Valini Leitch
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News

CRA Capacity Building Session on Leadership and Juvenile Justice
In: ChildLink News
Feb 13, 2018

Child Rights Alliance (CRA) members participated in a capacity building session on Leadership and Juvenile Justice at the Rights of the Child Commission boardroom on February 13, 2018. CRA members represented at the session were RCC, Heavenly Light World Outreach Fellowship, Rights of the Child Committee (Regions Three and Five) and ChildLinK. The facilitator of the session was Amar Panday (Chief Executive Officer, Rights of the Child Commission).

The first topic for discussion was: Governance and Sustainable Human Development. Sustainable human development should not be limited to economic growth. It encompasses five areas:

  1. Empowerment
  2. Co-operation
  3. Equity
  4. Sustainability
  5. Security.

More specifically, child poverty is not limited to financial depravity. Children who grow up without the opportunity to voice their concerns; children who grow up without a family community structure that nurtures them; and children who grow up without opportunities for human development fall under the category of child poverty.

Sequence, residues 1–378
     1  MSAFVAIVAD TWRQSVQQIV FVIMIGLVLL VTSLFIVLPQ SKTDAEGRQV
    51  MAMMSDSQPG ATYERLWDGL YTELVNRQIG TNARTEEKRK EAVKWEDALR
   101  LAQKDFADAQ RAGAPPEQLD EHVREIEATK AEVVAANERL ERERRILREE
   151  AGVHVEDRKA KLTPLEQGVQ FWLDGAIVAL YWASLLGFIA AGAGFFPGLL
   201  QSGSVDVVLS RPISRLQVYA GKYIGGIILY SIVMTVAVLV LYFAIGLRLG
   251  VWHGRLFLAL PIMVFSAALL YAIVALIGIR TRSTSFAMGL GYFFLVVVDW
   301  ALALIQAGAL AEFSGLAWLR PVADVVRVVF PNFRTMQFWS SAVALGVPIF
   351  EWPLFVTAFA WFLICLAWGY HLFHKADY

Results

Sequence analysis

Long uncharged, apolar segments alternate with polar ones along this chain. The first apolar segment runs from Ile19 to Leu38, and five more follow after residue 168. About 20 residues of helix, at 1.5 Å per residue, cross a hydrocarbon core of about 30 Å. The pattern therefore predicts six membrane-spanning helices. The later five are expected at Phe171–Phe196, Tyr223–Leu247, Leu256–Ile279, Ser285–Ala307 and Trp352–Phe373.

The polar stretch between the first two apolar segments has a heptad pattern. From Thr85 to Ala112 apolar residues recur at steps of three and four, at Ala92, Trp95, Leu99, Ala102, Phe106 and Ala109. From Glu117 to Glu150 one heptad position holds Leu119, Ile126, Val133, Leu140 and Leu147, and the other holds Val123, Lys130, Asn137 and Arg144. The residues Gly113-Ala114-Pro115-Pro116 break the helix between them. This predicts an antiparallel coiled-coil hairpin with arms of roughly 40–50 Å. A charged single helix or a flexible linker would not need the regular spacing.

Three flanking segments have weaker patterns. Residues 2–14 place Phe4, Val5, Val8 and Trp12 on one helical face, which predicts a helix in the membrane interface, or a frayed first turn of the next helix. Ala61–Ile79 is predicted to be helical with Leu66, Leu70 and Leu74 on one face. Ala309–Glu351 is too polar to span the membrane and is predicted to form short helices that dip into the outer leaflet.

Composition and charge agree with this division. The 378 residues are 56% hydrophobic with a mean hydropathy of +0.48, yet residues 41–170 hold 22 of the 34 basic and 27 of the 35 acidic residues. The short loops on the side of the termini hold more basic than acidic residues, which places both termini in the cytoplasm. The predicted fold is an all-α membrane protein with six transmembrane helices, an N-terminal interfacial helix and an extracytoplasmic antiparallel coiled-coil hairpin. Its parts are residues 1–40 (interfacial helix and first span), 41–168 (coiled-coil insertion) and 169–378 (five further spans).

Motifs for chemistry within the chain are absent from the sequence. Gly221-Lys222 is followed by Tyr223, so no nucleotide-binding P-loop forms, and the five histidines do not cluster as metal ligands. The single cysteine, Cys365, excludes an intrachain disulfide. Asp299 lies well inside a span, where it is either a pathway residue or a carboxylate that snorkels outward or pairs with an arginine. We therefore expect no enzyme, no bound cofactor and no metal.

The participants explored Alan Paton’s – author of  Cry The Beloved Country – elements of a liberal creed. These are as follows:

  • Generosity of spirit
  • A tolerance for others
  • An attempt to comprehend others
  • A commitment to the rule of law
  • A high ideal of the worth and dignity of man
  • A repugnance of authoritarianism
  • A love of freedom

Participants noted that leaders, especially those who focus on human rights issues, need to uphold the abovementioned principles. We need to see the value of each individual regardless of their socio-economic status, race, gender, etc. Participants also acknowledged that due to systemic weakness, many children are ‘in bondage’. Both parents and children need to be educated, especially on relevant social issues, in order to fulfill their potential.

Finally, the participants engaged in a discussion on a few points from the United Nations Guidelines on Preventing Juvenile Delinquency. This discussion focused on several fundamental principles of the guideline, the role of the family and education.